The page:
Impact of the Budget


Madam, – The only important question is which hard-nosed business people and perceptive advisors will Fine Gael and Labour be bringing to the renegotiation of the reparations package. – Yours, etc,


Loreto Grange,

Bray, Co Wicklow.

A chara, – The vast majority of the people of Ireland have higher than the average number of legs. This is statistically true. If, out of a population of one million, 100 people have just one leg, and nobody has more than two, then the total number of legs is 1,999,900. The average number of legs per person is 1.999. So 999,900 people have a higher than average, and 100 lower than average. This statistic, however accurate, is not terribly useful: it is a disembodied statistic. To help us know what to do, we need to “embody” the individual cases.

Similarly, if a group of people have their incomes hit very hard, say with a reduction of 75 per cent, this could seem quite unfair. However, if those individuals are directors of a bank, and they have their salaries reduced from €2 million per annum to €500,000, the owners of the bank may well be inclined to consider that those salaries should be reduced significantly more, even though this would be quite out of line with cuts across the rest of the population.

The circumstances in the cases in question are very relevant. If the average income of a group is €500,000, all may seem well; if there are two people in the group, where one has an income of €1 million, and the second has zero income, this changes how we must judge the situation.

Tim Callan, Claire Keane and John Walsh of ESRI (Opinion, December 9th) are clearly well qualified. Their statistics show that the richest one fifth of families take a 9.9 per cent reduction in disposable income 2009-2011. The poorest one fifth take a 3 per cent reduction. The heading to their article reads: “Budgetary adjustments to crisis have hit richest hardest”, and they comment: “This (the budgetary response to the crisis) has been strongly progressive.” Are they claiming that the richest one fifth are doing more than their share?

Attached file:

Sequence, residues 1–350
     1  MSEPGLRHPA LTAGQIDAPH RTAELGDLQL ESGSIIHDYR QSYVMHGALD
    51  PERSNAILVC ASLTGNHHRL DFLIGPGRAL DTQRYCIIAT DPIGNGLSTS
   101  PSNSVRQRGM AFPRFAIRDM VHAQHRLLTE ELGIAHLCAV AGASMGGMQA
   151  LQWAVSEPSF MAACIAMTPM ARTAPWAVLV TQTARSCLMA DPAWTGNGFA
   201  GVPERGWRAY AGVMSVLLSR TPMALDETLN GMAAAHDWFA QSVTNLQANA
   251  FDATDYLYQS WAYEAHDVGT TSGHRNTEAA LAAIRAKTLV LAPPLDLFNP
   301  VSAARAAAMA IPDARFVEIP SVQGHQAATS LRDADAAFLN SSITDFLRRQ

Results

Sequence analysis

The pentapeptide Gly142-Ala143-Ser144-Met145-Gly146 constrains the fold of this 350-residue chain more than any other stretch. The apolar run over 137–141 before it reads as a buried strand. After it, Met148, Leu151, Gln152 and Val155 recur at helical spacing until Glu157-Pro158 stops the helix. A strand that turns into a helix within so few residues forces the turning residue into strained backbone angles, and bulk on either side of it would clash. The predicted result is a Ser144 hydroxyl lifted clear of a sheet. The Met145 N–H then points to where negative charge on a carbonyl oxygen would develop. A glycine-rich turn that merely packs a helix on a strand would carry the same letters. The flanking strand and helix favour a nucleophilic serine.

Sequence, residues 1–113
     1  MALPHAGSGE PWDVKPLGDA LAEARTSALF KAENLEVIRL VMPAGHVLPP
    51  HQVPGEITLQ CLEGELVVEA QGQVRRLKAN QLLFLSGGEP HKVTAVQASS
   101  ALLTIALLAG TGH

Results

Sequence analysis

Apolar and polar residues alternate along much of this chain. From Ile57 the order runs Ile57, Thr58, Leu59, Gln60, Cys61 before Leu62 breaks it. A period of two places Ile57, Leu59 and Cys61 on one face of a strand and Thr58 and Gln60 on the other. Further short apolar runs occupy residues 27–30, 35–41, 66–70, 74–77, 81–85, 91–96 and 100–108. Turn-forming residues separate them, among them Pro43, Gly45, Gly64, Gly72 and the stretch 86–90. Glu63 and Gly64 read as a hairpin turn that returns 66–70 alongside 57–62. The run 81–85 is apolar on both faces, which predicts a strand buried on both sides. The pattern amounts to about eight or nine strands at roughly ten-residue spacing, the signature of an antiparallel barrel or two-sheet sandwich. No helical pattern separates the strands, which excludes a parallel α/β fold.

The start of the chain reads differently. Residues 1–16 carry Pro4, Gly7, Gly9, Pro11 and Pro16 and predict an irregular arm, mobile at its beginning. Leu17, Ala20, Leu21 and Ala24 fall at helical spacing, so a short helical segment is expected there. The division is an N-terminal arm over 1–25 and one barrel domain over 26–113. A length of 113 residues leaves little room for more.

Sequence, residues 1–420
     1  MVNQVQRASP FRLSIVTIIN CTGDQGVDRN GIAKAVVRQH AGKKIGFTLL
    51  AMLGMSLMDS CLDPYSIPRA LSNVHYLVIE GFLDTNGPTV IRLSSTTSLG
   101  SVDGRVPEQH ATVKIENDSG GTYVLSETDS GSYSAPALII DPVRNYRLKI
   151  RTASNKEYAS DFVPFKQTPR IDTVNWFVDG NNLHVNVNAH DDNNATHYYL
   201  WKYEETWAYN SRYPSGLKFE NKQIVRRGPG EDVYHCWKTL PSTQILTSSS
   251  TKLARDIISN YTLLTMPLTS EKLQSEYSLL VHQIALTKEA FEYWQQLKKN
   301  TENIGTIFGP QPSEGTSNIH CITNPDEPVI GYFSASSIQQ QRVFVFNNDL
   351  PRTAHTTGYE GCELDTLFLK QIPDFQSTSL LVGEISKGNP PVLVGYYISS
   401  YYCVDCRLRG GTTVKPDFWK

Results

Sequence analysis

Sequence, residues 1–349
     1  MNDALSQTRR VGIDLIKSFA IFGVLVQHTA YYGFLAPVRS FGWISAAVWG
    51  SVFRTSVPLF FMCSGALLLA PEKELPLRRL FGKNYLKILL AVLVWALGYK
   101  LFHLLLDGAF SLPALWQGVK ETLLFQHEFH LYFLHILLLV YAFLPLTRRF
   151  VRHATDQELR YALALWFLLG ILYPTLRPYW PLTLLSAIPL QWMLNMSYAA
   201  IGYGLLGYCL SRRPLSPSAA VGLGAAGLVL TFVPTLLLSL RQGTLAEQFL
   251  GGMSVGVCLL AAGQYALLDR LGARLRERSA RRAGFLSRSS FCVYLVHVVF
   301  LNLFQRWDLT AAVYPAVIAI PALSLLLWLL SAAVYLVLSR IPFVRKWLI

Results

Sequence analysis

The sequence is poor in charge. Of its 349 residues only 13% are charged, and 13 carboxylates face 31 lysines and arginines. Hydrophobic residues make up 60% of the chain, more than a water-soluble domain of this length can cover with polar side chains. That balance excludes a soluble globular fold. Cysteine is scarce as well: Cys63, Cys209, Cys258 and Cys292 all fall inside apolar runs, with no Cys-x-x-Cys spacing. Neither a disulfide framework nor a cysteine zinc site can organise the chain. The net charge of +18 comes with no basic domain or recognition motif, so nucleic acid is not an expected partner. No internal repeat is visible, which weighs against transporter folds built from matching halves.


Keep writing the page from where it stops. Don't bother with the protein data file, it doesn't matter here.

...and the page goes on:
How useful are their statistics? We need to look more closely at the circumstances. I want to ask the three ESRI researchers for some more information. From what base – what level of income – have the richest one fifth taken their cut of 9.9 per cent? From what base have the poorest one fifth taken theirs? The average Disposable Household Income in 2009 was €880.78 per week (CSO data). How do the two groups relate to that?

It may seem reasonable to say that the first group are taking 10 steps backwards, and the second group take only three. However, if the first group are standing on a broad, level plain, and the second group are standing just one step from the edge of a cliff, we may need to reassess our evaluation.

Social Justice Ireland (Analysis and Critique of Budget 2011, page 10) has a chart showing that the increase in net weekly pay 1986 to 2011 for a government minister is €1,034.67. The net weekly increase in the same period in the average industrial wage is €343.93. The net weekly increase for a single person receiving unemployment benefit is €135.84. Progressive? – Yours, etc,


Blackthorn Court,

Sandyford, Dublin 16.

Madam, –  I think it is disgraceful that the Government is cutting invalidity pension, the carer’s benefit and the blind pension, particularly as there were alternatives. The main one is to increase income tax rates.

Increasing tax rates seems anathema to most economists – they say it is a tax on jobs and are never asked to justify it.

Dan O’Brien (Budget supplement, December 8th) is very concerned about the increase in income tax for 2011 by reducing the tax credits and the bands, for economic reasons. He says a “doubling of a given tax rate, for instance, will not result in a doubling of the revenue generated”. Well if it resulted in a 50 per cent increase, would that not be a good return?

If higher and middle  earners were taxed at a higher rate it would probably mean that they will just save less and will continue to spend as much as before.

People on social welfare on the other hand spend almost all of their income, so reducing their benefit has a negative effect on the economy.  Also, reducing the tax credits and the bands means that the lower paid will be harder hit proportionately than top earners. – Yours, etc,


Glemdown Grove, Dublin 6W.